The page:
While face masks mandates were common in Germany from the early phase of the COVID-19 epidemic on, the dates when mask mandates were issues varied by location. Two separate studies examined the resulting differences in COVID-19 transmissions, with focus on Jena, a city that implemented mask mandates early. One study presents qualitative evidence that face masks mandates reduced transmissions in Jena. The second study used "synthetic control methods" and data from 401 German regions to derive quantitative estimate, concluding that face mask mandates reduced the daily growth in COVID-19 infections by about 40%.

More evidence from US regions and states

A number of studies have focused on US states or regions, and come to similar conclusions as the studies above.  Here is a figure from one of these studies that shows a drop in COVID-19 infections after the introduction of mask mandates:

The effect shown is not as pronounced as in some of the other studies, which may be due to varying levels of adherence to the mandates, especially since enforcement of mask mandates in many US regions is lax or non-existent. Sadly, the use of face masks has become politicized in the US. Many Republican governors have refused to issue face masks; Republican law enforcement has been reluctant to actually enforce mask laws; and many Republicans refuse to wear face masks. 

The effect of the "Republican refusal" can be seen when comparing which US states have the most COVID-19 cases over time. Here are a couple of screen shots from an illustrative animation:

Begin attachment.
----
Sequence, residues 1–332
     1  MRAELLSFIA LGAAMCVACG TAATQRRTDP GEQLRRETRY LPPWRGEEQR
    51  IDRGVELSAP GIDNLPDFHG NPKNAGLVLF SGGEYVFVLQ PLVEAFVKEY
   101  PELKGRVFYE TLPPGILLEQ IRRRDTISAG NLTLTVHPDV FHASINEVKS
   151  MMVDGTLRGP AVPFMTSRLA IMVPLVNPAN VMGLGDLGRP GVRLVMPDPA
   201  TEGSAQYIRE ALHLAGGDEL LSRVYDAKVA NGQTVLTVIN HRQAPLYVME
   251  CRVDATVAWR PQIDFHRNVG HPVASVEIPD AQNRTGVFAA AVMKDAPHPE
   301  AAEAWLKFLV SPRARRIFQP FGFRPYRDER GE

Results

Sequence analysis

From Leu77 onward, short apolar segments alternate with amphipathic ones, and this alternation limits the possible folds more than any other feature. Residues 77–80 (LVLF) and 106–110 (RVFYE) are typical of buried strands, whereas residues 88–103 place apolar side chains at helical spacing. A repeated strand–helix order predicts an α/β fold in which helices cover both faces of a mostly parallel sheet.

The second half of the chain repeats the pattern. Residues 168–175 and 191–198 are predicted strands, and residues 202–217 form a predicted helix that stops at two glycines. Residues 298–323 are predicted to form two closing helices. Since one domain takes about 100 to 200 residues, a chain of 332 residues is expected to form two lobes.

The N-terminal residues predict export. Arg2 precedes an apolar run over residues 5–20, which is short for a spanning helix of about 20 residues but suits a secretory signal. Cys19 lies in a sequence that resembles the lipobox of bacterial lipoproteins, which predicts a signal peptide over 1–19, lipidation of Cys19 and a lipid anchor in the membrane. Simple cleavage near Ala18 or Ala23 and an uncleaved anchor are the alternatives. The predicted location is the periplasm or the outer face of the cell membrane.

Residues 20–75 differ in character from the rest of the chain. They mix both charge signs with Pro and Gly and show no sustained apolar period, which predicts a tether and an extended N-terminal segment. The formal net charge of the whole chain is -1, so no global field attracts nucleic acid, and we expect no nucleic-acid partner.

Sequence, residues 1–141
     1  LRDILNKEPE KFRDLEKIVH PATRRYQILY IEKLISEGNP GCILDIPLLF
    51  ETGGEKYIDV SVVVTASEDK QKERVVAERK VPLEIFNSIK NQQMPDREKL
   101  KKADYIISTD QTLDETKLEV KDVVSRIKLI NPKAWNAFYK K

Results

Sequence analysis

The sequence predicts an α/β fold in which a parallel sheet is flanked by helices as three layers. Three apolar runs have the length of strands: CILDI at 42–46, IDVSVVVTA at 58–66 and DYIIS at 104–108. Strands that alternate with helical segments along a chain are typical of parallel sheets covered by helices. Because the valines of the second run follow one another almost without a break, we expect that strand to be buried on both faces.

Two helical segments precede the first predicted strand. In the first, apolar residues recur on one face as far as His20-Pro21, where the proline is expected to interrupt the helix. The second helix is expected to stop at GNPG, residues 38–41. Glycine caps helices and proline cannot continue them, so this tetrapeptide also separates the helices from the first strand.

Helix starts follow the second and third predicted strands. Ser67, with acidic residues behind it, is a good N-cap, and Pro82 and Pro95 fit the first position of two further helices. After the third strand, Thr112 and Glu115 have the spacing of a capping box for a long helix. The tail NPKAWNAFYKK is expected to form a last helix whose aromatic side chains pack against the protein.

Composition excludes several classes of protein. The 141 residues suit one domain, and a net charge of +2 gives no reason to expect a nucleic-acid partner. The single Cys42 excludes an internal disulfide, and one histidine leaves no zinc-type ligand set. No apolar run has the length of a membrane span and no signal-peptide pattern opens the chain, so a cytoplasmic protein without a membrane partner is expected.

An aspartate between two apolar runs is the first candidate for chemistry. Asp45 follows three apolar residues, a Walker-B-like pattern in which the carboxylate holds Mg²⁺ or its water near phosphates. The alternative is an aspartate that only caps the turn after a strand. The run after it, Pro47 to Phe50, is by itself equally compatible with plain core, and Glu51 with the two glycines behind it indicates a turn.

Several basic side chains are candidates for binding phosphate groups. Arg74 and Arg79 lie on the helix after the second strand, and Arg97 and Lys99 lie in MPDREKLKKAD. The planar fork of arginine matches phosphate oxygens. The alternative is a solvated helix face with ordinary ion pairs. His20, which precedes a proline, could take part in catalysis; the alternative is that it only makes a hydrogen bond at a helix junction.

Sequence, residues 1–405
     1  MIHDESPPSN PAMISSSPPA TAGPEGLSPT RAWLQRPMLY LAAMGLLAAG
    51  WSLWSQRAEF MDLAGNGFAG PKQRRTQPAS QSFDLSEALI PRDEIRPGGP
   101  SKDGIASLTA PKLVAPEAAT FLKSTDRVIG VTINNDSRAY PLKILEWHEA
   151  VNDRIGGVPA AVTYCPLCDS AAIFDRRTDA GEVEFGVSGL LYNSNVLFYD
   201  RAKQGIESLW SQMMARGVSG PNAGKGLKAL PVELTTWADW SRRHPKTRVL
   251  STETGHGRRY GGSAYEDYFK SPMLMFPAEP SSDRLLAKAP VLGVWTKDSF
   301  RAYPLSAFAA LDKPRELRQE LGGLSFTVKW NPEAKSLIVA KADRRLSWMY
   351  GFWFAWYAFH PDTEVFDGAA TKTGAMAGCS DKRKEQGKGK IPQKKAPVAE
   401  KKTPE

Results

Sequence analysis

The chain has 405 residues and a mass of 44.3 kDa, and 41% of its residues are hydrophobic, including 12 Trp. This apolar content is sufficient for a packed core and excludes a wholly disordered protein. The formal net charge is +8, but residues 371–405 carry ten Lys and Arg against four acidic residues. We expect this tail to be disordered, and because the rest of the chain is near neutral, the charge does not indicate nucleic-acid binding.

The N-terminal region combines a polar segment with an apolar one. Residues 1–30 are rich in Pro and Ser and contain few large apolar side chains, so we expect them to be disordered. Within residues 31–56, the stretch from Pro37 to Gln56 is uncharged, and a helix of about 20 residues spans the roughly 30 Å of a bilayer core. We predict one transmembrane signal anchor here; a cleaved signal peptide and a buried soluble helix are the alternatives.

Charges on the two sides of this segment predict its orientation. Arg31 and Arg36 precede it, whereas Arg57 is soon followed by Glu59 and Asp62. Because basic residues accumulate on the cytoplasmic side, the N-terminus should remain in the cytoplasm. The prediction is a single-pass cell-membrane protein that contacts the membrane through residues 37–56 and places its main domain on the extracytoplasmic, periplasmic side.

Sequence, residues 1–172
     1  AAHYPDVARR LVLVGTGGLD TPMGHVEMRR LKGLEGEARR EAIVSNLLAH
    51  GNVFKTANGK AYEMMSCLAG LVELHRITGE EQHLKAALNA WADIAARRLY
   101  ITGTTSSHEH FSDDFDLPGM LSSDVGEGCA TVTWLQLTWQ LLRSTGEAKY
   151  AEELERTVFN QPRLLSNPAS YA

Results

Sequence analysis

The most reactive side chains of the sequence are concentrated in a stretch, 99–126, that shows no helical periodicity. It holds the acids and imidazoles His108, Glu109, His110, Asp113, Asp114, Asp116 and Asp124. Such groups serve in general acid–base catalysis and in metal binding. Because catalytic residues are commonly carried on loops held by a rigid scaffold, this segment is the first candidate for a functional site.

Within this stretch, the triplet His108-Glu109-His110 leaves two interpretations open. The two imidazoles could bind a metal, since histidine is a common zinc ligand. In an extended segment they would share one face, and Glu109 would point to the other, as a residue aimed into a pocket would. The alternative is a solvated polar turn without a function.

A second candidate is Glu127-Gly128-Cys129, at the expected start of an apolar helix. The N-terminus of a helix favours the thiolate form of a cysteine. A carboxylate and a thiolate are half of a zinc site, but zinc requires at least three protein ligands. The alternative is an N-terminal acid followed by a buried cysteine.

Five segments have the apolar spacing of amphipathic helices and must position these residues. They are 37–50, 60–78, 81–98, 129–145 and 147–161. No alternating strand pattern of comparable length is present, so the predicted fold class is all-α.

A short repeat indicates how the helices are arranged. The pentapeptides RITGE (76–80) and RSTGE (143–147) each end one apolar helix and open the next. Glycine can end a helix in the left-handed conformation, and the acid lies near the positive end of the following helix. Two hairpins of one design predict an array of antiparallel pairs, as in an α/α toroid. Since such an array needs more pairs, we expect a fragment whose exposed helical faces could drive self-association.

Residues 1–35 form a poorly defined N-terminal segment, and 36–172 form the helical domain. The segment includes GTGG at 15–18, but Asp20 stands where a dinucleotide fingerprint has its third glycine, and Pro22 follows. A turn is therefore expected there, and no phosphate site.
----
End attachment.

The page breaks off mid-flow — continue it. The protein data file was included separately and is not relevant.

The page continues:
In early June, the most affected states were a roughly even mix of blue and red states. But by late October, the picture had changed dramatically:

Now, Republican states dominate the distribution. Of course, other factors like early re-openings and resistance against new containment measures are also likely to play a role, but negative attitudes towards face mask wearing and face mask mandates are certainly a big factor in this development.

The evidence is very clear - face masks reduce COVID-19 transmissions and save lives. Scientists have a pretty good idea why and how face masks work. I have discussed why misguided "herd immunity" strategies won't work, using Texas as an example. For the US as a whole, just "letting it take it's natural course" would cost more than a million additional lives; when taking into account that death rates increase significantly when hospitals are overloaded, the number of additional deaths in the US would more likely exceed 2 million. Anyone who still believes that COVID-19 deaths are overstated in the US needs to have a close look at excess death calculations, which show that the official COVID-19 numbers represent only 2 out of 3 COVID-19 linked deaths.

So, please, if you go to an indoor space where other people are, or if you are outdoors in a crowd, or closer than 6 feet to someone else who does not live with you: wear a mask!

Tuesday, October 27, 2020

Misleading COVID-19 Information in Florida